You’ve got an idea for something BIG. It’s original, exciting, and guaranteed to shake things up. So what’s holding you back?
You don’t have it, and you know you can’t get your idea off the ground without it. Dipping into your own savings may be a possibility, as is asking friends and family for startup loans. But after those options, the complexities of startup business loans can intimidate even the most savvy of entrepreneurs. If you’re looking for ways to fund your big idea, here are five types of business startup loans that you should consider.
- SBA Loans | The US Small Business Administration (SBA) is an independent federal agency that works to strengthen the American economy by supporting small business entrepreneurship. As small businesses often struggle to secure startup financing, the SBA’s loan programs are worth looking into. SBA backed loans generally feature lower down payments and longer term financing, offering important flexibility to startups that will want to spend more time expanding their businesses and less time repaying their debts. Startup loans from the SBA can also be easier to secure than traditional bank loans. When lending to small businesses, the SBA guarantees a percentage of the loan, which means that companies that might not meet the financial criteria to secure standard startup business loans on their own might be able to obtain a loan through the SBA.
- Microloans | Not all startups need a ton of money to launch their businesses. Sometimes, all it takes is a little bit of cash to get the ball rolling. Microlenders like ACCION and other non-profit, community-based lenders provide loan programs that offer up to $50,000 in startup funding to small businesses in need of working capital, equipment, furniture, or supplies.
- Crowdfunding | When it comes to startup financing, crowdfunding websites have truly changed the nature of the game. By posting their business ideas on sites like Kickstarter and Indiegogo, entrepreneurs can encourage users to back their ventures through either fixed or flexible funding. With fixed funding, campaigns only receive backers’ donations if they meet a specific funding goal, whereas with flexible funding, campaigns collect whatever amount of funding they receive. Entrepreneurs can also employ various tactics to encourage backers to donate to their campaigns. The most common method is to offer perks to backers in exchange for their contribution, thereby incentivizing backers to donate to a given campaign.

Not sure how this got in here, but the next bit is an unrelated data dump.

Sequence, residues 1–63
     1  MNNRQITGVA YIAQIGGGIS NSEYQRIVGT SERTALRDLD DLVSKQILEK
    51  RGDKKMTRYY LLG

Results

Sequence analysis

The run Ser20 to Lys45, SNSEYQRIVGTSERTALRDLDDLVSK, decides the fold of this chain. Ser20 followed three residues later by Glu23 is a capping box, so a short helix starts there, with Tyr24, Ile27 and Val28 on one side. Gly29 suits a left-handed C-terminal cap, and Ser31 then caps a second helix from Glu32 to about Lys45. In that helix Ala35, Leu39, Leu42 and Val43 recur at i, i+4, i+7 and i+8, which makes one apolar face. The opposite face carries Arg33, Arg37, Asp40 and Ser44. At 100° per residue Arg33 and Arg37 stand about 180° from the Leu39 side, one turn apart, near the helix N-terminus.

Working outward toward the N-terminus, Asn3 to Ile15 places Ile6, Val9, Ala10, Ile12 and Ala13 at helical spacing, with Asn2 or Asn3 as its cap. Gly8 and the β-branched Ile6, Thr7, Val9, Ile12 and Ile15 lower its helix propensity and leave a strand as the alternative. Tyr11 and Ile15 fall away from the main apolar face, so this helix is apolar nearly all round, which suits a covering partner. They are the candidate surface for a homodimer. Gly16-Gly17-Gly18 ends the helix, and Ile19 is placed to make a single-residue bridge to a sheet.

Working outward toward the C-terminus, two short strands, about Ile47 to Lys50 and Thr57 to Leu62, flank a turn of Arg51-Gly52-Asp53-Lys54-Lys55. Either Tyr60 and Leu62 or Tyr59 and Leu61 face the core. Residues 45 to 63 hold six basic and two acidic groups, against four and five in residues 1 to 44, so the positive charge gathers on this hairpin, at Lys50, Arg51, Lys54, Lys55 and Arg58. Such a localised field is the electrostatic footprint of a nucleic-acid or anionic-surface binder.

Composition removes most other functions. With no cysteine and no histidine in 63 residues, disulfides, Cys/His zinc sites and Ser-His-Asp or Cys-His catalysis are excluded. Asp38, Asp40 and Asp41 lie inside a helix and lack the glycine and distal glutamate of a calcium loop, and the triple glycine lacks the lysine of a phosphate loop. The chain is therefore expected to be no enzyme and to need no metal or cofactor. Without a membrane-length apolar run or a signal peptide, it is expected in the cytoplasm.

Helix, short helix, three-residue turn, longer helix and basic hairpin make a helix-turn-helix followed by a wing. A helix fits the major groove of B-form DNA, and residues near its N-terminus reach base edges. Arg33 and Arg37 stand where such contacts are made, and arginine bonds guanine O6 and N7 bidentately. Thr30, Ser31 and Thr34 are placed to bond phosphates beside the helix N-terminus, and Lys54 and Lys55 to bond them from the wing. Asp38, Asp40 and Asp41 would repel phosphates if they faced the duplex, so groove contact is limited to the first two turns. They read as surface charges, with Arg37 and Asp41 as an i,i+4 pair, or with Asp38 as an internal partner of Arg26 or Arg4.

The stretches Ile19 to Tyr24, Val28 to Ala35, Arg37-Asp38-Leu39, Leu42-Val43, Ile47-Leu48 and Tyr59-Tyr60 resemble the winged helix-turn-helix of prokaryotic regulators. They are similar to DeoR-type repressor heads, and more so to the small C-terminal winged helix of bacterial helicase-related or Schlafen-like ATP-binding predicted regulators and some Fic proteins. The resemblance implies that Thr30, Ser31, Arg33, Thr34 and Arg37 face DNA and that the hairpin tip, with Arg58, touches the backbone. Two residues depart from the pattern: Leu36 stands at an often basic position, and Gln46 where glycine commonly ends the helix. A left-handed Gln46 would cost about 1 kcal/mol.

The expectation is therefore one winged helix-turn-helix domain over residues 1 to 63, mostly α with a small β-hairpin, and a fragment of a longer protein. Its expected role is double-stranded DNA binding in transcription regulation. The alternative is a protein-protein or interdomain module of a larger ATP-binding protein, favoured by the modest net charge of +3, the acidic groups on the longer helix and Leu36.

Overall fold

- Venture Capital | Startup companies with demonstrated market potential and high rates of return can sometimes attract investment from venture capital firms. The only drawback? By investing in a startup, a venture capital firm assumes a percentage of your company’s equity, which often gives it a strong say in your company’s future business decisions. So while venture firms can connect startup companies with huge sources of capital, it can come at the cost of giving up a degree of ownership of your business.
- Angel Investors | Angel investors are wealthy individuals who offer capital to early stage startup companies in exchange for equity. In this way, angel investing is similar to venture capital financing, except angel investors usually invest in companies that have potential for profitable growth, but are too small to attract the larger levels of funding that venture capital firms can provide. Angel investors sometimes organize in angel networks in order to produce collective research and consultation on startups worthy of investment.
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